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Home School of Communications, Media, Arts and Design Blog 2021 April 28 Austin Clarke Portrait by Fine Arts Studio Instructor, Neville Clarke, Displayed at the ROM

Austin Clarke Portrait by Fine Arts Studio Instructor, Neville Clarke, Displayed at the ROM


Neville Clarke’s journey to becoming the award-winning artist that he is today starts in his childhood. Growing up in Kingston, Jamaica, his love of art ignited within him thanks to a book full of illustrations from some of the great artists we know today. He shares, “My father had a big book on the shelf filled with illustrated images of a religious subject by great Italian Renaissance masters, such as Leonardo da Vinci, Michelangelo and Raphael, to name a few. The complexities of the life-like figures within the composition, and the accuracy of proportions, were intoxicating to behold. This was my first introduction to art, and my hope always was to learn and develop my skill in becoming a great figurative artist.”

This passion has since grown into a successful career, where he not only makes art but teaches it in the Fine Arts Studio program. One of his most recent pieces of art that he has created, a portrait of the novelist Austin Clarke, can now be seen on full display in the Sigmund Samuel Gallery of Canada, located at the Royal Ontario Museum (ROM). He says this accomplishment is an honour and one of his greatest artistic achievements.

He shares, “Seeing the portrait several months later hanging in the Sigmund Samuel gallery alongside articles by Austin, commanded a presence that educates and engages conversations. Austin had been an activist for marginalized people. He himself was discriminated against for being black and felt excluded. He coined the phrase omniculturalism, with hopes to affect change for a better Canada. I believe this portrait exemplifies his steadfast beliefs and convictions and hope viewers discover these attributes for themselves. My hope is that this is a stepping stone towards soliciting people of colour to play an equal role in the history and development of Canada and its ever-changing culture.” 

Getting to this point involved not only working hard but studying hard as well. Neville moved to Canada in 1974 and lived in Orillia, Ontario, where he began taking painting lessons at night at a local college while still attending public school. After high school, he enrolled at Sheridan College and then the Ontario College of the Arts (OCA) in 1980. From there, he had the opportunity to travel and absorb various art forms in different parts of the world. “I was chosen as part of a group of students to study with the OCA off-campus program in Florence, Italy for my final year. I also spent an additional six months studying from master drawings, paintings and sculptures at the National Gallery in London, England, the Louvre Museum in Paris, and the Museo Nacional del Prado in Spain,” he says.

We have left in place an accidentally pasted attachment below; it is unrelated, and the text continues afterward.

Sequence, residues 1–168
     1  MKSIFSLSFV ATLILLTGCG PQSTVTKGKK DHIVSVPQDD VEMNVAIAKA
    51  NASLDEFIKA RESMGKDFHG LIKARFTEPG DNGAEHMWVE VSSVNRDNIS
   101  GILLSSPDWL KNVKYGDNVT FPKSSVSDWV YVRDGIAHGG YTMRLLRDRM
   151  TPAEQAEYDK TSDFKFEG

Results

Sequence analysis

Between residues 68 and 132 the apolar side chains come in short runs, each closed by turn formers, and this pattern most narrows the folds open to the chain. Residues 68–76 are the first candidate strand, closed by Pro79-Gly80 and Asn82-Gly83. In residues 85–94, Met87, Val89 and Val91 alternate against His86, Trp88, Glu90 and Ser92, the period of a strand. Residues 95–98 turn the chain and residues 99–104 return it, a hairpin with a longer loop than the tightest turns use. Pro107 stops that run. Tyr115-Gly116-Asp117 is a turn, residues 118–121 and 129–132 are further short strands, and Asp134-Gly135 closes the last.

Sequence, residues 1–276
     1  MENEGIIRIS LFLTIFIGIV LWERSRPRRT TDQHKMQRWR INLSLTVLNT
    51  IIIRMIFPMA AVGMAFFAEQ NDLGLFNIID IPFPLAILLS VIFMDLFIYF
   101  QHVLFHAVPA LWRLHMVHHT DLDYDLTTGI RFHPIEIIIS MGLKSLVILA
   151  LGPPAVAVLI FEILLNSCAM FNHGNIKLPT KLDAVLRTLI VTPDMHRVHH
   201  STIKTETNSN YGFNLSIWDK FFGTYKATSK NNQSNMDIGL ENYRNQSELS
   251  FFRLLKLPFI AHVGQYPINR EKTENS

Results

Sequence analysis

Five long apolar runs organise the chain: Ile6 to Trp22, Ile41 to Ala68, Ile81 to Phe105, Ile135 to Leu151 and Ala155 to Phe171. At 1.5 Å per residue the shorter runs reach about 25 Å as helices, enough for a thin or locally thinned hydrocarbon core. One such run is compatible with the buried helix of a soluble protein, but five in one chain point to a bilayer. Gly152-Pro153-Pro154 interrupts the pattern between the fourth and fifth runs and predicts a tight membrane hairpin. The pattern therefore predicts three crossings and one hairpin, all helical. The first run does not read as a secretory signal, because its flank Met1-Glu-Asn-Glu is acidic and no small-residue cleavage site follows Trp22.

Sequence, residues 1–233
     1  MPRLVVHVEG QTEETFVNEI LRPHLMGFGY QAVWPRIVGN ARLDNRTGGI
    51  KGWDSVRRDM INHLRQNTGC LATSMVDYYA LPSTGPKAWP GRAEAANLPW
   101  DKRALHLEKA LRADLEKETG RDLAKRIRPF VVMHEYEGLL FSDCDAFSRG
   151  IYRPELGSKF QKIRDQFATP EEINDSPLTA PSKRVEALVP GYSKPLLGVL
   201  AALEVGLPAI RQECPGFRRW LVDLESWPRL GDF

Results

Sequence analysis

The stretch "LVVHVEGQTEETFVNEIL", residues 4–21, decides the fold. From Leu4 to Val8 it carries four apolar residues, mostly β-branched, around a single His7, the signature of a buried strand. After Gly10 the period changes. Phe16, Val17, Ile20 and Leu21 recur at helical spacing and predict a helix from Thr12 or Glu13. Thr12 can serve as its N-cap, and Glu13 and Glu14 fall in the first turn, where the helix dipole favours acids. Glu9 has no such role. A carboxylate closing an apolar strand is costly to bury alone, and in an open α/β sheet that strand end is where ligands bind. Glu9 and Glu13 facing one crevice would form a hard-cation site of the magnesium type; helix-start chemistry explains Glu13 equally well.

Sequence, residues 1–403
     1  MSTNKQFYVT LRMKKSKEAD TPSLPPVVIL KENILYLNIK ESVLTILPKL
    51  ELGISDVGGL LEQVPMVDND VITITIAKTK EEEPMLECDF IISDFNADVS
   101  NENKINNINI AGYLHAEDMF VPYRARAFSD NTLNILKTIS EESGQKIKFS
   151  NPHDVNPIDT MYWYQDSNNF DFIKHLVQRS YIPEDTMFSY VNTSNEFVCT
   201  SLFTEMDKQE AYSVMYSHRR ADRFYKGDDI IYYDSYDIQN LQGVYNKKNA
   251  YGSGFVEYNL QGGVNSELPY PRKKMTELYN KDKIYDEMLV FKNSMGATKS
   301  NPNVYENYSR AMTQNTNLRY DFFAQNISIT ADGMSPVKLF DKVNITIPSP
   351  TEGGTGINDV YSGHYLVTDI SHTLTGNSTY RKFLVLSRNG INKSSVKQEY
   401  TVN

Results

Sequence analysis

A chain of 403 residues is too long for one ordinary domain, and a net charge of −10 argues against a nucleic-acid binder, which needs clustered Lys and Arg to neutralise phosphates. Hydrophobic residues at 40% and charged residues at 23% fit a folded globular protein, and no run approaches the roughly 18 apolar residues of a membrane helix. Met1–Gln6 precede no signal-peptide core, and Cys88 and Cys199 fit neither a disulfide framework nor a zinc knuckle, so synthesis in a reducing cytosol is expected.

Neville has always leaned toward making figurative art, which he describes as expressive and “done in the classical or traditional manner, yet contemporary in execution”. He explains, “Like many of the great masters, I use light to reveal three-dimensional form using tonal values. My work expresses mood and emotions as well as projecting atmospheric space. Although the classical approach is apparent in my work, I also enjoy the process of experimentation for self-discovery and to informing my practice with new ideas in moving my work forward.”

In an interview published in the Fall 2020 edition of ROM Magazine, Neville described that his approach to creating the portrait of Austin Clarke involved a rather different process than what he is used to. In that interview, he explained, “Painting and drawing portraits from life is my usual and preferred approach. However, working from photographs and other reference materials can be integral to the creative process. In this case, numerous photos – amateur and professional – were gathered from family members, friends, and public spaces.” Since Austin Clarke passed away in 2016, using these images, and additional information about who he was, helped Neville immensely in his creative process. As well, meeting Austin in person on several occasions in the past certainly allowed him to get a better idea of the person he was, which ultimately went into crafting the portrait.


In the same interview, Neville said that over a six-month period, he made a range of “studies in pencil, watercolour, and acrylic paint” as a way to familiarize himself with Austin. The end result involved the use of oil on canvas, which you can see in the image above. His commissioned work is part of the ROM’s ongoing exhibition: Austin Clarke: Recognizing A Literary Great, which will be available to see in person when the ROM can re-open to the public.

This is such a phenomenal accomplishment, and Neville wants to thank Arlene and Pamela, who he says were instrumental in him being selected for this commission. Congratulations, Neville!


Written by: Alexandra Few